Yesterday’s announcement from the Meeting of State and Federal Environment Ministers gave the final green light for non-road spark-ignition engine emissions standards. This will bring Australia in line with the USA who lead the world in emissions standards for petrol engine equipment including lawn mowers, outboards, chain saws and generators.
The Ministers had made an “in principle” agreement at their July meeting, which started the ball rolling with a Working Group formed of industry, government and public community representatives formed to advise how best to implement standards for Australia. That report is due before the end of December.
The timetable after December is not locked in. But according to Gary Fooks, Chair of the Blue Sky Alliance and member of the working group “If we stick to the ambitious program set by Minister Hunt, that would see and Exposure Draft of the Legislation released early 2016 and the Bill introduced before June 2016. Actual commencement of the standards would depend on passage of the legislation through Parliament and industry advice on phasing-in.” All representatives of the Working Group agreed that the introduction of standards should progress to the next steps as soon as possible. The Working Group has played an important role in advising on key settings for the implementation of the standards, such as exemptions, phase-ins for certain engine categories and how to most efficiently monitor compliance across the industry.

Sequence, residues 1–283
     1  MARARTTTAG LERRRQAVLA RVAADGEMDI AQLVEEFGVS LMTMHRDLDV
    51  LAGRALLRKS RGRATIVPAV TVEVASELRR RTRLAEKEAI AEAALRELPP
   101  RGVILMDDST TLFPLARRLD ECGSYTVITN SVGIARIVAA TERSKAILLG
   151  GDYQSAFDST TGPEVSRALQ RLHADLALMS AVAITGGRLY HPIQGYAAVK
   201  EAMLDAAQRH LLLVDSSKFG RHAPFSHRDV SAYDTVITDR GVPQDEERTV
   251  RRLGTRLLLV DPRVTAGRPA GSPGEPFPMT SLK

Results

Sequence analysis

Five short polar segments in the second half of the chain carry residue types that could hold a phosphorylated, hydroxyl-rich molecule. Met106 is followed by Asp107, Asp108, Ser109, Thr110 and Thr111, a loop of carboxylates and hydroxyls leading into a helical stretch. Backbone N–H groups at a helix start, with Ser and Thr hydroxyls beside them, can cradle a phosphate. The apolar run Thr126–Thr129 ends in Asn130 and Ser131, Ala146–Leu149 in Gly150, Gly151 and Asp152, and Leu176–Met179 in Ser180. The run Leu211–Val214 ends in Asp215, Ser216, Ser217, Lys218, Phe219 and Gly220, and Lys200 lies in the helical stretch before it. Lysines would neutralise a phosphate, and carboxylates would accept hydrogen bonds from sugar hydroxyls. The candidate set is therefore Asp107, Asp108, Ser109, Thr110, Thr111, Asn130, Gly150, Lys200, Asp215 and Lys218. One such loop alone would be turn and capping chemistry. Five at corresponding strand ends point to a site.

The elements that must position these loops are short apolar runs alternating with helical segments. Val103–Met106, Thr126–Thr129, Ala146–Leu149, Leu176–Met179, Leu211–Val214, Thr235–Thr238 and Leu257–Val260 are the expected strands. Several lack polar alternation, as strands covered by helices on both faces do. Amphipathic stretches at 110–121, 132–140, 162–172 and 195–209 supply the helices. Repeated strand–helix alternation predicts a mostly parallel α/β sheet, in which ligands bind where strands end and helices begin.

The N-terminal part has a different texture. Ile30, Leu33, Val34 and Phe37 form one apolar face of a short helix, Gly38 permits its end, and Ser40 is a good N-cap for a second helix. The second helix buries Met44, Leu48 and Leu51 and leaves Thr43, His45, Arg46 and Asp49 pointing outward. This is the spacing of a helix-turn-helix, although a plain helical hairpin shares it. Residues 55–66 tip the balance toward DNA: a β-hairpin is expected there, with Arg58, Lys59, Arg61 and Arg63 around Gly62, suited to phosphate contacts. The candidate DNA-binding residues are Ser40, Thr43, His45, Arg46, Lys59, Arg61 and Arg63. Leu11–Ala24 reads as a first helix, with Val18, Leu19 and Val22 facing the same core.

Asked if that meant no more two stroke lawn mowers or outboards after July Gary was quick to point out “let’s be clear, these laws are not an attack on any one technology: we will still have quality two cycle technology hand held products like chainsaws, and of course Direct Injection two stroke outboards, but yes, four strokes will be the most common engine type for ground supported product in the future.”
Any phase in is likely to be limited. Existing dealer stock gets exempted as the laws should only apply to new imports. And of course no law will ban what the public already has in the garage.
OPEA has long recommended moving immediately to USA Phase 2 but delay meeting the current US standard until the existing EU standard matches the US in 2019.
Fuel system evaporative standards may be delayed until June 2017, to allow Australian tank manufacturers to develop the technology already employed in the USA
In the end, the choice will be up to the Minister to decide based on the advice he has received.
An Extract from the Ministers’ Statement:
Ministers agreed to introduce emission standards for new non-road spark ignition engines (such as garden equipment and marine outboard motors). Non-road spark ignition engines are a significant contributor to air pollution. The introduction of new standards will bring Australia into line with existing international standards, particularly those in North America. Ministers also noted that a working group of experts is on track to provide interim advice this year on implementing the standards, with the aim of introducing legislation into Federal Parliament in mid-2016.